Treves now describes Cerne Abbas as being on the verge of derelict: ‘The place, however, is empty and decaying and strangely silent. Grass is growing in the streets; many houses have been long deserted, many have their windows boarded up, or are falling into listless ruin. Here are empty barns, gates falling off their hinges and doorways grown up with weeds. There are quaint old shops with bow windows, but the windows are empty of everything but a faded red curtain, while over the door, in very dim paint, are traces of a name. One feels compelled to walk very quietly through the echoing streets, and talk in whispers, for fear that the sleep of Cerne should be broken. There are many bright flower gardens in its midst, while through the town runs a cheerful stream, whose banks are protected by white posts and rails.’
It’s likely that the boarded-up houses and empty barns were in Abbey Street; houses to the north and south of the church were demolished in the early 1900s having been condemned and on the site of the empty barn, a house now stands. In 1919 the Pitt-Rivers estate, which owned most of Cerne Abbas, sold off the majority of their property and things appear to have improved from that point on. Treves visited at a very low point in Cerne’s history – the difference today is that the houses are lived in, cared for and worth the kind of money that would have been considered a ‘kings ransom’ in his day.
Still in Abbey Street Treves notes: ‘At the end of one street is the Abbey farmhouse, a handsome old building of many gables, and in this same street is the church of Cerne, with its commanding tower. In a canopied niche above the door is a statue of the Virgin. Within, the church is, like the town, unchanged. Here are high pews with doors, a fine oak pulpit dated 1640, with a sounding-board above and a clerk’s pew below. Before the present organ was built the music for the service was provided by a barrel-organ. There are some 15th-century chairs in the chancel, while the fine altar-table bears the year 1638.’
Cerne Abbas’s church has suffered somewhat since Treves came by because, in 1960-61, major restoration work was carried out. The roof, declared dangerous, was replaced and the high pews, now something of a rarity, had rotted and had to be removed. Fortunately the church still possesses the chairs in the chancel, the exquisite oak altar table with the date 1638 carved on its front and the pulpit (there is no sign of the clerk’s pew). The statue of the Virgin on the outside of the church tower is quite unusual – almost all were removed by Cromwell’s men – it is said that Cerne’s was removed, hidden away and replaced when the risk had subsided. Interestingly, Treves would not have heard the bells ringing as in 1974, when the bells were removed, recast and re-hung (an additional sixth bell was added), they had not been rung for over seventy years.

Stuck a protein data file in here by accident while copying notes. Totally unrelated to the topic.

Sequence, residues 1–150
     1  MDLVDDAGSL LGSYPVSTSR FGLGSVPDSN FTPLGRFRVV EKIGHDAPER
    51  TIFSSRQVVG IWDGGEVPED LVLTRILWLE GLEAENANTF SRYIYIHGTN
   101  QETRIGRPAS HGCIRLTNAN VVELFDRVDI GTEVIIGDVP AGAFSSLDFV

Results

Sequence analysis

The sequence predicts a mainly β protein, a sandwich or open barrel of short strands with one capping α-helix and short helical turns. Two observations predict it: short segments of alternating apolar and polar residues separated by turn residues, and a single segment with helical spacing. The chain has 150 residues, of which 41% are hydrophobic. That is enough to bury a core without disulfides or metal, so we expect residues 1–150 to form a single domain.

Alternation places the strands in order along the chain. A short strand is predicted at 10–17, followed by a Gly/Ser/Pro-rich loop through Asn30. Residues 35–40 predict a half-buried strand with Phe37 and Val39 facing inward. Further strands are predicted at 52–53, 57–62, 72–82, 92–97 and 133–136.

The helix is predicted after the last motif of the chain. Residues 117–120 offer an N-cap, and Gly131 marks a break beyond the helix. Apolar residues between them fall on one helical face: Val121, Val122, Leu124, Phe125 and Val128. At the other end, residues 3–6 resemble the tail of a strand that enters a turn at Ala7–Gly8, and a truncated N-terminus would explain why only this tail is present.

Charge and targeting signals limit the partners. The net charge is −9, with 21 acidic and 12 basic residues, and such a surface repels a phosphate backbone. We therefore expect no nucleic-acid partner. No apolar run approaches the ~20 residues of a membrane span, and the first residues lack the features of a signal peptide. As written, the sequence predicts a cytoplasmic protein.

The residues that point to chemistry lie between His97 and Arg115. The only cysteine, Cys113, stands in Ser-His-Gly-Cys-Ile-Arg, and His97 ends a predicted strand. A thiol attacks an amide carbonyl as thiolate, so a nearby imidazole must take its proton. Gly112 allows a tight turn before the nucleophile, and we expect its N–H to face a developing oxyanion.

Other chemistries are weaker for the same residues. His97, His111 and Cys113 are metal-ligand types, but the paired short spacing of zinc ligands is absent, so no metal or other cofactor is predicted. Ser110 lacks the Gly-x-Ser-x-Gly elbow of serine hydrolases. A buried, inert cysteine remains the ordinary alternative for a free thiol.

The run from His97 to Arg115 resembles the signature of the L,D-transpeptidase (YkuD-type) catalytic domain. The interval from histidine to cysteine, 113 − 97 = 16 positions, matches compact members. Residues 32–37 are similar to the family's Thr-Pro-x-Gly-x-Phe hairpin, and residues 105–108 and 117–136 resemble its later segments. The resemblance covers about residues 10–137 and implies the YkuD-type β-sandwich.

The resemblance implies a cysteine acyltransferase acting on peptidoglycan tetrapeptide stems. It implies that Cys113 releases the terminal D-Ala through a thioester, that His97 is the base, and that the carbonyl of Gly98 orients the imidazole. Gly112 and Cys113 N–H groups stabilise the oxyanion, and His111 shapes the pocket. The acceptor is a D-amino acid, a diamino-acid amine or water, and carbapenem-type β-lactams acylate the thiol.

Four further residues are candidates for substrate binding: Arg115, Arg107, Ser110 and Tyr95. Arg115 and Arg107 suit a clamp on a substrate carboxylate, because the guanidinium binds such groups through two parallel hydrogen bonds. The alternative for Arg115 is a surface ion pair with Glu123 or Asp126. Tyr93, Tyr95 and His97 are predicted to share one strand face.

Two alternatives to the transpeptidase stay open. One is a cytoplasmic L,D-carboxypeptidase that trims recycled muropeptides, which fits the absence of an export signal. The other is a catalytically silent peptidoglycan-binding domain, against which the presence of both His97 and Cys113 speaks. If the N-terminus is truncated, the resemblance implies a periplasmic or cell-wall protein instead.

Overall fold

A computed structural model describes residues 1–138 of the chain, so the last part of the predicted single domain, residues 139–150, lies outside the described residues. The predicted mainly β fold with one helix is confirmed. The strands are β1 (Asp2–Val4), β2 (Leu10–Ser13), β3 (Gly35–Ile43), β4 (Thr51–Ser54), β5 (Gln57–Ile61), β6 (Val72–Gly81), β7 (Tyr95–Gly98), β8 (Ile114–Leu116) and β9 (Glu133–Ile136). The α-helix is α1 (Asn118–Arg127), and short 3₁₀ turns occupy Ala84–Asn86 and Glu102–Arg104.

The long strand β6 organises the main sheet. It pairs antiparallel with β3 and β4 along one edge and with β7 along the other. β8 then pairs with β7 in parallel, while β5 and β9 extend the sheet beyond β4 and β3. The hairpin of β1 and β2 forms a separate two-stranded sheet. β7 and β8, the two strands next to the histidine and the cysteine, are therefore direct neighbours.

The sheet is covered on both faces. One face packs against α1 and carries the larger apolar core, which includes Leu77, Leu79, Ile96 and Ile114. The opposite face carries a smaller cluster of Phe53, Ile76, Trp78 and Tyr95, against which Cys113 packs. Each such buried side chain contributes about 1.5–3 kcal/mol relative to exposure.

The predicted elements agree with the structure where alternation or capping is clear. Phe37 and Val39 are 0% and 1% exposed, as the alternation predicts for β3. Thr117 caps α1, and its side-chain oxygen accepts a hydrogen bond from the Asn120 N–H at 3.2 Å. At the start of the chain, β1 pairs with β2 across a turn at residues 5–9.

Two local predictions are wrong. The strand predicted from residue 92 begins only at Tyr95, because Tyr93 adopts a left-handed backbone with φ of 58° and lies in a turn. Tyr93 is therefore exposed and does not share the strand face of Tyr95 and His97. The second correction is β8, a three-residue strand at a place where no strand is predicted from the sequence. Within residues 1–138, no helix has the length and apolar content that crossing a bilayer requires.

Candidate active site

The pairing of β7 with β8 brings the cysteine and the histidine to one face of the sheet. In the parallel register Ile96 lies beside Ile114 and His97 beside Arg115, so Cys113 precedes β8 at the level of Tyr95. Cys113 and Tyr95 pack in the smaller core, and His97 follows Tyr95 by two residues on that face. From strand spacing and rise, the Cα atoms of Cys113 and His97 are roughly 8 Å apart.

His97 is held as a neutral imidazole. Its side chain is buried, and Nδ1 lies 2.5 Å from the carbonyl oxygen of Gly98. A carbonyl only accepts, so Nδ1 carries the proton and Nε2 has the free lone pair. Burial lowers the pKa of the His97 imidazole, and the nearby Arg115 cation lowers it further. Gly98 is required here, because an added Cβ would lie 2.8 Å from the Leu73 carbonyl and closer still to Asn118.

Inevitably, this being Cerne Abbas, Treves now visits the Giant: ‘So sleepy and indifferent has Cerne become that it has even neglected its Giant. This colossal human form is carved on the slope of one of the barren hills which surround the town. The figure is of great antiquity, and dates – so the learned say – from pre-Roman times. Of its history and its purpose nothing is known…. Cerne Abbas the Depressed has so long ceased to care for its Giant that the poor Goliath has become grown over with grass, and is nearly invisible to the eye.’
So Cerne had not only become almost derelict, it had in effect abandoned the Giant – paradoxically the very thing that now brings it most of its fame. In the 1920s the National Trust took charge of the Giant and he is now in fine fettle.
Cerne Abbas possesses three excellent pubs, tearooms, a beautiful church, some exceptional houses, impressive Abbey remains and its famous Giant. There are a couple of closed-up shops but this, hopefully, is temporary. A mark of how far the village has come from Treves’s days is that Savills estate agents declared Cerne Abbas to be Britain’s most desirable village in 2008. Little has happened in the last four years to change that accolade’s accuracy.

• Our thanks go to George Mortimer and John Paterson of the Cerne Abbas Historical Society for their help in compilation of this article.